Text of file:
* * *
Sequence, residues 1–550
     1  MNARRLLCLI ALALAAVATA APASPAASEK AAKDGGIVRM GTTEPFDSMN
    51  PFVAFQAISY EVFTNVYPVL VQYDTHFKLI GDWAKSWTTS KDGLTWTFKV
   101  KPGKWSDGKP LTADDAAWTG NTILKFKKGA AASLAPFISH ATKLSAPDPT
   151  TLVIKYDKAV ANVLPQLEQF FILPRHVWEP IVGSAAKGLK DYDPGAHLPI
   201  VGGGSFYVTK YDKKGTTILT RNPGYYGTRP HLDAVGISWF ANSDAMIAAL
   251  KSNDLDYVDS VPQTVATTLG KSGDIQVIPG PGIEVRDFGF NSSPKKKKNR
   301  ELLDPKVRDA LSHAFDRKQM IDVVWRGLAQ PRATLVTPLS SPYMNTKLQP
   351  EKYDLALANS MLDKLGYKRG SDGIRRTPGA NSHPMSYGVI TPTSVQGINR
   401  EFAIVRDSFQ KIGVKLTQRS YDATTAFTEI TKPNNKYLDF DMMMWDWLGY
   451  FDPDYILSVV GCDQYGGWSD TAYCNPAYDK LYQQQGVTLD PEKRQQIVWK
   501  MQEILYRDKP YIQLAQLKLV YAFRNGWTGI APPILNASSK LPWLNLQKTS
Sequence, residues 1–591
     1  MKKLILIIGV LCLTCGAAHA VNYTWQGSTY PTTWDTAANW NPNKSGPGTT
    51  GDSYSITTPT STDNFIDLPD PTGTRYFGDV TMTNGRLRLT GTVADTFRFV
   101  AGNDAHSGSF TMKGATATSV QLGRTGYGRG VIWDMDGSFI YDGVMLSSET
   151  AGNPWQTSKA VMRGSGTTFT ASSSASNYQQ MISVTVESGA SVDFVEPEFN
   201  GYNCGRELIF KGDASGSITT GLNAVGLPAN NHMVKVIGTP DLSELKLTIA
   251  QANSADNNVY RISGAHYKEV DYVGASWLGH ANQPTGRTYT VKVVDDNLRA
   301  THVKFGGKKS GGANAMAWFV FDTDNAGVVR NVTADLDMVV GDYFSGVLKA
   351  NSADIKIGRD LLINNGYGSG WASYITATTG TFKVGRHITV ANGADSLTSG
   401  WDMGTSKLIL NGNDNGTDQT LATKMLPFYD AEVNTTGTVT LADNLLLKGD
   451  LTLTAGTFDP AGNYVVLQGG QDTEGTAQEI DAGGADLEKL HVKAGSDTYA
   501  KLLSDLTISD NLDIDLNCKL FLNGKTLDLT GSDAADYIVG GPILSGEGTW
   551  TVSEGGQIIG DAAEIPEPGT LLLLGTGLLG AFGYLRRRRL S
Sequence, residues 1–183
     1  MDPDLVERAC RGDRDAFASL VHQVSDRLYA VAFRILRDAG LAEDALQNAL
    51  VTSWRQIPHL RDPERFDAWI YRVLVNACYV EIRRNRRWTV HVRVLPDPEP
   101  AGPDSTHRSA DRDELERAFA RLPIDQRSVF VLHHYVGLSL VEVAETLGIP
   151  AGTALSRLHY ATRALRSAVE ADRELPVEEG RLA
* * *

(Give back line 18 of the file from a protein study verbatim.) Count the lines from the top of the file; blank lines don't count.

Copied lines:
   201  GYNCGRELIF KGDASGSITT GLNAVGLPAN NHMVKVIGTP DLSELKLTIA